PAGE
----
Granholm’s Proposed Energy Export Ban: Bad for Prices, Terrible for Western Allies, and Disadvantageous To the Environment
Energy Sec. Jennifer Granholm once again met with the CEOs of major energy companies last week to discuss refinery capacity following Hurricane Ian. But in the middle of those conversations, the secretary yet again floated the idea of banning American crude oil exports – a move that would be detrimental on numerous fronts.
As the American Petroleum Institute and American Fuel and Petrochemical Manufacturers said in a joint statement following the meeting:
“U.S. refiners and administration officials met to discuss current market imbalances and our industry’s ongoing work to efficiently and affordably supply fuel to the U.S. market. As the administration refuses to rule out limitations on exports, we shared the significant unintended consequences that would come with such a policy, including potential cost increases, refinery closures, job losses and productivity declines…The focus of this administration should not be on trapping product in the United States or diverting fuel away from retail sales and into storage, but rather, on how to better produce and more affordably move U.S. product within the United States. The oil and natural gas industry stands ready to continue to meet U.S. consumers’ need for affordable, reliable energy while supporting our allies around the world.”
In rationalizing the ban, Sec. Granholm asserts that if American oil producers stop exporting their products, there will be more available supply in the United States, thus lowering domestic prices. Sec. Granholm and President Biden have asserted that increasing domestic oil and gas supply is the “patriotic thing to do” at a time when supply and inventories are low. To emphasize this, the Dept. of Energy emailed the following before the meeting on Friday:
“The president’s team emphasized that energy companies with record-high profits, record high exports and record-low inventories must step up and bring down prices at the pump.”
Once again, the administration is blaming the oil and natural gas industry for high prices and the supply shortage, something Energy in Depth has covered at length and repeatedly debunked, while ignoring the effects of their own policies. Let’s dig in further.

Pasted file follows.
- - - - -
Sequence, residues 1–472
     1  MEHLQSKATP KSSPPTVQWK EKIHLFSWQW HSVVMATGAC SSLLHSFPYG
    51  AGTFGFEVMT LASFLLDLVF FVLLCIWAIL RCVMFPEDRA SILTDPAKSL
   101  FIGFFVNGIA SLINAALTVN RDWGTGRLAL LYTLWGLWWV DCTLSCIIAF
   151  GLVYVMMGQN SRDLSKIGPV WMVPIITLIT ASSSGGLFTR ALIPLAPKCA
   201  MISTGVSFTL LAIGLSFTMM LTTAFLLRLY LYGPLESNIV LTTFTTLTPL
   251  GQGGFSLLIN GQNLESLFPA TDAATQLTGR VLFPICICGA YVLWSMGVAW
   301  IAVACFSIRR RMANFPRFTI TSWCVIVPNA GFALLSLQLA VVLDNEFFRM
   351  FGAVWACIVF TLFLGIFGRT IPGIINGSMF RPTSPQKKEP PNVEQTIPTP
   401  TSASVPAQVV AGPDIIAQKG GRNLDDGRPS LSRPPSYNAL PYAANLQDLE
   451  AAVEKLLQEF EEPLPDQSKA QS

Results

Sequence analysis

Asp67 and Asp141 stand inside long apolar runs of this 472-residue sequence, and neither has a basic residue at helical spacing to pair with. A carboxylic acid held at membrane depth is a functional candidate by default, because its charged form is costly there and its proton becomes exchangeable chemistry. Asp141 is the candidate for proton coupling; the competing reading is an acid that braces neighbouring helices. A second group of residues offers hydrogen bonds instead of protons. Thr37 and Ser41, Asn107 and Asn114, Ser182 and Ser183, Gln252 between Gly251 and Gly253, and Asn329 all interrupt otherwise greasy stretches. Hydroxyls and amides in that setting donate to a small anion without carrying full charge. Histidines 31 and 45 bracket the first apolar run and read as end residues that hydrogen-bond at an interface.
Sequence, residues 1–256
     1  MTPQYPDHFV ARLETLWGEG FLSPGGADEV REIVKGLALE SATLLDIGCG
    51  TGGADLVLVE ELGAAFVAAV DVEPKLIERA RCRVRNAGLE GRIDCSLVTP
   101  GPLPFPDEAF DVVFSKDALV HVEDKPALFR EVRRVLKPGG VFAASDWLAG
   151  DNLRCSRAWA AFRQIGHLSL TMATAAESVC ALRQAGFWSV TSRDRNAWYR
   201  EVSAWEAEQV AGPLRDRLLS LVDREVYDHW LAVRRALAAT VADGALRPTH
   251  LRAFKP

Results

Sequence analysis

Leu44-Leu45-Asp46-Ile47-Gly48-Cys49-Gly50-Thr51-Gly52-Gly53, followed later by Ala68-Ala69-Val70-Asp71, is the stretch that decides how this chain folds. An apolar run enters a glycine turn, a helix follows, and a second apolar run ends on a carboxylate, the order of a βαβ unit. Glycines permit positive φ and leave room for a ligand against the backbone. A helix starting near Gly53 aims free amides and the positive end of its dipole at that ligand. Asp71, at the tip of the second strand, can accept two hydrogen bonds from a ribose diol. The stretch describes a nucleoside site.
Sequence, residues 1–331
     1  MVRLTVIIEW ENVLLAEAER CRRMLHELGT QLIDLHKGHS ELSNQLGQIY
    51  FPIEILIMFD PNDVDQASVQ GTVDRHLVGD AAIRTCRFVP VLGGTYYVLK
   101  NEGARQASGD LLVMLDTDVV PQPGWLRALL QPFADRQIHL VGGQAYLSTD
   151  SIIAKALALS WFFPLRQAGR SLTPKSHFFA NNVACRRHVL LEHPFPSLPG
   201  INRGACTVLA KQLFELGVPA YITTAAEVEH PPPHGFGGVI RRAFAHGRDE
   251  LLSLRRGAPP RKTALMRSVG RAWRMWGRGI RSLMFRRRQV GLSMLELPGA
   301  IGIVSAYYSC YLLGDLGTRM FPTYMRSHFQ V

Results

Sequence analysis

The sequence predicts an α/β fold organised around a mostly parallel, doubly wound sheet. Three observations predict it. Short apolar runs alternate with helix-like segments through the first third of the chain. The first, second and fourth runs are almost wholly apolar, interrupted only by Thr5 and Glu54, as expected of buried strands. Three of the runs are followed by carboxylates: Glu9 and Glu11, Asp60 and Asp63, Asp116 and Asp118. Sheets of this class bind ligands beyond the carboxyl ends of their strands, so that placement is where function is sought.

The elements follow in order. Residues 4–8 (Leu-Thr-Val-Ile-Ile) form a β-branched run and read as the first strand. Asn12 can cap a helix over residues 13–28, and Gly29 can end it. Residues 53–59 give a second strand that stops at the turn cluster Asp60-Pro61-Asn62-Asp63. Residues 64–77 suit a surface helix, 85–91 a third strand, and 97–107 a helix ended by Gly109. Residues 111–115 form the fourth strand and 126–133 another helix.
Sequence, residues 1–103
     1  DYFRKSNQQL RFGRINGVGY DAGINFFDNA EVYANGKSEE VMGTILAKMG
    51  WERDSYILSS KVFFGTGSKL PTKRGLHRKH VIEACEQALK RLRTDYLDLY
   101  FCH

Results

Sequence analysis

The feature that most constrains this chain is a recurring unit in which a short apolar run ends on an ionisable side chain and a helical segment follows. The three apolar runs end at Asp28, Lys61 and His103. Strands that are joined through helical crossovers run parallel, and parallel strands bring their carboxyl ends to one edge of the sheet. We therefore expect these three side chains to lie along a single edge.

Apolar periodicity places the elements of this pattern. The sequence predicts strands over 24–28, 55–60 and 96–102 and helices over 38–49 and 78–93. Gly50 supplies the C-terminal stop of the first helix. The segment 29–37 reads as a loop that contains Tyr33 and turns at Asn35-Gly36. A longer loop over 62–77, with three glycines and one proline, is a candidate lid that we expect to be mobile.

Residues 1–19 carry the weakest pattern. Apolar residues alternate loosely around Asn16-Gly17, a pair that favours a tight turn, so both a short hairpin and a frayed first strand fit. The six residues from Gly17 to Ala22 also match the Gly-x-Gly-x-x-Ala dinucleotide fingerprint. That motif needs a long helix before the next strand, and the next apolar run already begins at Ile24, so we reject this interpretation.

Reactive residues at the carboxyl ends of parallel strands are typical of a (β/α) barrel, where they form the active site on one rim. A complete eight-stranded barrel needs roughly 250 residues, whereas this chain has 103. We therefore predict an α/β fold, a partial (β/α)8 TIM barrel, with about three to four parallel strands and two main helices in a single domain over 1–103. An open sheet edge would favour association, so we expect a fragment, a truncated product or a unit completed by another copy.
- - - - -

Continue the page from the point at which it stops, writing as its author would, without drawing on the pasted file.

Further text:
Economics: Fungible Commodities and Supply and Demand
As experts have repeatedly testified to, oil is a globally traded and fungible commodity – meaning that it is sold within a competitive market where no one supplier or consumer can determine the price. Additionally, because it is globally traded, it is the global supply that determines prices, not domestic supply. And, because overall supply would decrease under an oil export ban, an energy export ban would only cause prices to increase.
This is even more of an imminent concern given the disarray that European markets are currently in from Russia’s war in Ukraine, made potentially worse given OPEC recently announced that it intends to make significant production cuts. As the largest group of oil exporters in the world, this may have a severe impact on prices.
In a letter from ExxonMobil CEO Darren Woods to the Energy Department, Woods details the effects a ban would have on shortages:
“Continuing current Gulf Coast exports is essential to efficiently rebalance markets—particularly with diverted Russian supplies. Reducing global supply by limiting U.S. exports to build region-specific inventory will only aggravate the global supply shortfall.”
Support Our Allies
To say that Europe is facing a complex energy situation is a massive understatement. Countries within the European Union produce very little domestic crude whether due to geography or their own energy policies, so it must rely on other countries for imports. If the U.S. were to truly stand with its European allies in this time of need, as the Biden administration has claimed, it would fast-track both LNG and American crude to the continent, rather than banning crude exports.
In an article for Forbes, energy analyst David Blackmon said:
“Given the desperate situation related to these fuels that exists in Europe right now, a sudden reduction in U.S. supply would in fact amount to an act of near-cruelty.”
The Wall Street Journal further emphasizes the impacts of an oil export ban:
“The Granholm export threat is also a slap in the face to European allies trying to diversify energy sources from Russia…U.S. refiners have recently been exporting more fuel to Europe, but Ms. Granholm is now telling them to stop.”
The White House has acknowledged the importance of maintaining robust natural gas exports, stating it will not place a ban on these exports this winter. Crude oil should be no different.
Bottom Line: A crude export ban would lead to higher energy prices for Americans, and no, not because of price gouging, but because the ban would stunt energy supply even further. Additionally, it would abandon our western allies in a time of need, while simultaneously harming the environment.